The project is based on a desire to integrate new elements with an existing building, forming a morphologically and volumetrically completed unit able to dialogue with the surrounding architecture.
Starting with the features of the existing building, typical of 1950s Milanese architecture, the new architecture blends them with modern elements so as to establish a dialogue and a connection with the surrounding urban fabric, pursuing the principle that the work should be visible.
In the plans the project tidies the design of the existing facade with a rhythmic pattern of windows alternating with the windowless surfaces and the jutting balconies and loggias. The roof, which can be seen from the surrounding buildings, is regarded as a sort of “facade” and, for this reason, it has a jutting cornice that marks the building as separate and complete.
The decorative element of the facades consists of the existing cornice which is maintained and integrated in the volumetric design, becoming a point of demarcation between what existed before and the new part.
The principle of making the work visible is also seen in the choice of the cladding materials of acrylic stone panels which are smooth on the existing storeys and textured on the new parts, in neutral shades of beige-white. This same principle was adhered to in the choice of precious interior cladding which is identical to the that used in the existing building but which breaks the rules of tradition by being juxtaposed with modern elements, such as wainscoting with integrated lighting and wooden floors in warm hues, to create a comfortable and luxurious environment.

The added storeys are realised by an “exoskeleton” that surrounds the existing body of the building and is made up of a system of structural portals which support the new volume.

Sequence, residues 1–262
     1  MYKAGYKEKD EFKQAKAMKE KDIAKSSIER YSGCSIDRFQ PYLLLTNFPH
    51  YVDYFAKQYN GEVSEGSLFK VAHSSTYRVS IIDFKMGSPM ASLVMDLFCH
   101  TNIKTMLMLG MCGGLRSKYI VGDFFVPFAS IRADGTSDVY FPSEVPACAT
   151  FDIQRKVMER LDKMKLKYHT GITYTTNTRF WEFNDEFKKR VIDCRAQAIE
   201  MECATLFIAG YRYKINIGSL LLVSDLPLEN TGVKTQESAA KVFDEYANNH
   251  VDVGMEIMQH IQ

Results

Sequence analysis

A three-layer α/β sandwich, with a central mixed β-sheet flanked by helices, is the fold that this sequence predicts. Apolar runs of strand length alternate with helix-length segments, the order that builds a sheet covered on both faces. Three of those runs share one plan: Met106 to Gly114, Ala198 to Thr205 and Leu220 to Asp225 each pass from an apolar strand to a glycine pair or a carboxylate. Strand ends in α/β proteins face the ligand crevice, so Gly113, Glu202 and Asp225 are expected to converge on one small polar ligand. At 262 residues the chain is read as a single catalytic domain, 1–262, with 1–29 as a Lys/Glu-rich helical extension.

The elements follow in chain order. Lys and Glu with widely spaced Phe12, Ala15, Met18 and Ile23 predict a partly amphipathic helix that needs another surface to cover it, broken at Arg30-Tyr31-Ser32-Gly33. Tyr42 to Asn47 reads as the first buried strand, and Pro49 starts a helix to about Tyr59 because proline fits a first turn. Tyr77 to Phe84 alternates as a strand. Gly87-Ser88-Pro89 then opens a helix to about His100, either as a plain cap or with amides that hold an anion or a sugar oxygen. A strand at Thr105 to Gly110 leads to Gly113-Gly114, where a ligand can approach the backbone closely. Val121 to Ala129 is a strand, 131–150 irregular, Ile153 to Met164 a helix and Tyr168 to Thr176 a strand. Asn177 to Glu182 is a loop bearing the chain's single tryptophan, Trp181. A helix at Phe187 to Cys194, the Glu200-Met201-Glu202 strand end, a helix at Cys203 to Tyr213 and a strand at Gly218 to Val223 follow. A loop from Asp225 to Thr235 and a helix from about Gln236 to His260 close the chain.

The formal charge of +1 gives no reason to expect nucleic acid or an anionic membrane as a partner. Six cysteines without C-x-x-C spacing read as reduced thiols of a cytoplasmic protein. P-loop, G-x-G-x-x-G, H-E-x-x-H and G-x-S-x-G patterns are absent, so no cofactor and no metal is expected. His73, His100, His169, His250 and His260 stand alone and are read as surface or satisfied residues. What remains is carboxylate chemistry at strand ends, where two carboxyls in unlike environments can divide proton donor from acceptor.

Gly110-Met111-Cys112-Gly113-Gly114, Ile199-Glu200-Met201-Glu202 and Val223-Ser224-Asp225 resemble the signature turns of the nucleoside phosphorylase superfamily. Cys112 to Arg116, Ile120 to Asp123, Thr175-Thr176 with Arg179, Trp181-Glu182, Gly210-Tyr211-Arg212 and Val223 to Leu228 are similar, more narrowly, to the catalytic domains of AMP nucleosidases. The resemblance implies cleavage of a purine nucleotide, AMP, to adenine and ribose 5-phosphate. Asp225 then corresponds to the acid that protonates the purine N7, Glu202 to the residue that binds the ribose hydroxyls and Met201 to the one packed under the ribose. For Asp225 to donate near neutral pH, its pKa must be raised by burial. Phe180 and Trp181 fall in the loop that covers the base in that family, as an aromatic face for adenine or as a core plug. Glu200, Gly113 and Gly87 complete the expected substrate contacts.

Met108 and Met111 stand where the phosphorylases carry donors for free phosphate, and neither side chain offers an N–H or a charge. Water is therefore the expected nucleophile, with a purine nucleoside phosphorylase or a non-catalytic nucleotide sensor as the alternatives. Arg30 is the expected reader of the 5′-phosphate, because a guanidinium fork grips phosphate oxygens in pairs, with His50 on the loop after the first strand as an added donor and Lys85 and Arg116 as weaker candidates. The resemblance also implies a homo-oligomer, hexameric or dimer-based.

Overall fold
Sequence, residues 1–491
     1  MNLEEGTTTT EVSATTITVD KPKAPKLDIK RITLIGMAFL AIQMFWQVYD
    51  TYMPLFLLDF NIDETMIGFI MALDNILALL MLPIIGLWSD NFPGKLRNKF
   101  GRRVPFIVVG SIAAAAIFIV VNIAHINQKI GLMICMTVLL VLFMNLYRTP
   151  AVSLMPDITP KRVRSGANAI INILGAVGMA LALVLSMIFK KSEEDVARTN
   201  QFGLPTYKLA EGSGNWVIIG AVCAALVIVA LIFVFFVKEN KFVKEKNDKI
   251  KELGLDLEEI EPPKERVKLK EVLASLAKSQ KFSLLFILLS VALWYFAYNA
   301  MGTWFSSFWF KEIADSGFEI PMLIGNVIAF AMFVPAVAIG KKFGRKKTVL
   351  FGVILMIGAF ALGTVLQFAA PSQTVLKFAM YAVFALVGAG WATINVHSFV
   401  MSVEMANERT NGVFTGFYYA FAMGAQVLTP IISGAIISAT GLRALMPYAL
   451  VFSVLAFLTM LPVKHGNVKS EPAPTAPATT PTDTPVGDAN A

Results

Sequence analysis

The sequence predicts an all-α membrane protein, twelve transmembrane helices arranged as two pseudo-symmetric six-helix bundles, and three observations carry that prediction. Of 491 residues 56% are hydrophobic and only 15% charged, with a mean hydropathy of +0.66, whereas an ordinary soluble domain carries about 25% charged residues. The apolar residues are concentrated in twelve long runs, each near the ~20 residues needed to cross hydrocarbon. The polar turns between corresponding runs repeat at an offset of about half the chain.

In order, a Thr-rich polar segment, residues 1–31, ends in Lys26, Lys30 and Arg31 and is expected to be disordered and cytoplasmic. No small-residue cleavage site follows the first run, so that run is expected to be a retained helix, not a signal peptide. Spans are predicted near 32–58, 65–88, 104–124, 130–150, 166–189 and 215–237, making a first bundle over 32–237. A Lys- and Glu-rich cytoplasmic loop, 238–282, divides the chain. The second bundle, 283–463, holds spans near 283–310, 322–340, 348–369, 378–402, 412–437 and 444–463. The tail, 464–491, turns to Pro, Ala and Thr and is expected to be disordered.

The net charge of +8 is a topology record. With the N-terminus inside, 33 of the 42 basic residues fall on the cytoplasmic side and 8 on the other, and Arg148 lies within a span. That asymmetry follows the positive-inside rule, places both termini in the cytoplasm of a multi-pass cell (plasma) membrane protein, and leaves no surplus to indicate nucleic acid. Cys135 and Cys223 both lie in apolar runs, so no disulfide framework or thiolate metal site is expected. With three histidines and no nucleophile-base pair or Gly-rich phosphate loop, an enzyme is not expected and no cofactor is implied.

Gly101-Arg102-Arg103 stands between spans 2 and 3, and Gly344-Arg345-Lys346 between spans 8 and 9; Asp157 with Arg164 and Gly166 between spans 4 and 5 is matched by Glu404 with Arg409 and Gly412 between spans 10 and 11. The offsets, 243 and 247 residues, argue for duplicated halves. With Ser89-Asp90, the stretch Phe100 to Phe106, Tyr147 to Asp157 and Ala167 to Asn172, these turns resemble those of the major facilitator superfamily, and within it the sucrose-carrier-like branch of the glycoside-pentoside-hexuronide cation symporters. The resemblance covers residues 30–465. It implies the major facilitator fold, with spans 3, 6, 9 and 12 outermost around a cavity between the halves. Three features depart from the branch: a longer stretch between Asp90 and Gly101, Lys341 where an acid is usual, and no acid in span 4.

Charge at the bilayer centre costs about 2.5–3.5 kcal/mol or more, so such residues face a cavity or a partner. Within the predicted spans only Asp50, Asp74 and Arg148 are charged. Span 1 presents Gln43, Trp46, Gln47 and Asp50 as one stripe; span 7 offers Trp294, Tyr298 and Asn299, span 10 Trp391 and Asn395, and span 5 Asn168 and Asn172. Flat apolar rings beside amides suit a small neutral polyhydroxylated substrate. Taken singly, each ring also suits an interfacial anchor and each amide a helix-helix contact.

This structure is integrated in the volume of the building by the ventilated facade system that envelops the entire building. The new structure is only visible on the added stories. The element which marks the break between the two is the horizontal band which recalls the design of the existing cornice , the distinguishing mark of this building and a key to the various phases of the work.
This expedient enabled the project to transform major construction limits and planning restrictions into a design opportunity.

In a quest for energy efficiency, low environmental impact and elevated comfort of interiors the choice fell to geothermal energy and photovoltaic panels, radiant floor heating panels, home automation to control the electrical plants and CMV in the apartments ensuring filtered air free of pollutants, recycled heat and energy-savings.

The focus was largely on the green element as this is of primary importance in generating a high quality environment. Indeed, the project contributes to determining the elements of the city landscape with its treatment of existing open spaces which are maintained as a link to the surrounding urban context. This is the reason why the garages are below street level, where the existing garage space has been expanded, mitigating the impact on the open space.
In that regard plans were drawn up to create two different scenarios:
• a daytime one where the garden is seen as space to play and relax surrounded by plants and shrubs
• a nighttime one where the light transforms the natural space and elements present.

FIELDResidentialNAMETimavo HouseCLIENTPrivateYEAR2019LOCATIONMilan, Italy